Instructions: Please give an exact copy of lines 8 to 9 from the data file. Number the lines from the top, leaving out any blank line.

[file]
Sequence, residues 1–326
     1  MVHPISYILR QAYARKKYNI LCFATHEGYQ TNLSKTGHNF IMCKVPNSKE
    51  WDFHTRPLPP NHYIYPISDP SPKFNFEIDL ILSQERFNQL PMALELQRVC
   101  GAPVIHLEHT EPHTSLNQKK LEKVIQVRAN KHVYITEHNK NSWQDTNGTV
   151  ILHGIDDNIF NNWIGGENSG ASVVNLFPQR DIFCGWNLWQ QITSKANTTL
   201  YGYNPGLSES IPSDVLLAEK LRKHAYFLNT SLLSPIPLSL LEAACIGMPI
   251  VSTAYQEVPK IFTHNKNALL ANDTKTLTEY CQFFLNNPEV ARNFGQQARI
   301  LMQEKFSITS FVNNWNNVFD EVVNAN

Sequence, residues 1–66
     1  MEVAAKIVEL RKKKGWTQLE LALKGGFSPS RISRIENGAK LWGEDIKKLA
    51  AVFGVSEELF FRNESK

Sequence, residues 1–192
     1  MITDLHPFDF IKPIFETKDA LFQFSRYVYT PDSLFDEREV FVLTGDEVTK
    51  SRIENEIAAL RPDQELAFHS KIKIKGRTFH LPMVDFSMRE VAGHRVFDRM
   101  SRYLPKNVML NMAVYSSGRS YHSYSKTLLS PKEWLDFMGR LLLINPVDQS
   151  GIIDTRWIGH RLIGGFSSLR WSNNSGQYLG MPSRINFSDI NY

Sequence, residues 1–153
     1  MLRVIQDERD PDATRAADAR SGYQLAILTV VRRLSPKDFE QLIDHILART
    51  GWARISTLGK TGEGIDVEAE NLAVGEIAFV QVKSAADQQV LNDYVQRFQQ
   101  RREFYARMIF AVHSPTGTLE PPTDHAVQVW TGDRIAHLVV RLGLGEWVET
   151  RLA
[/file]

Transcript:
   301  LMQEKFSITS FVNNWNNVFD EVVNAN

Sequence, residues 1–66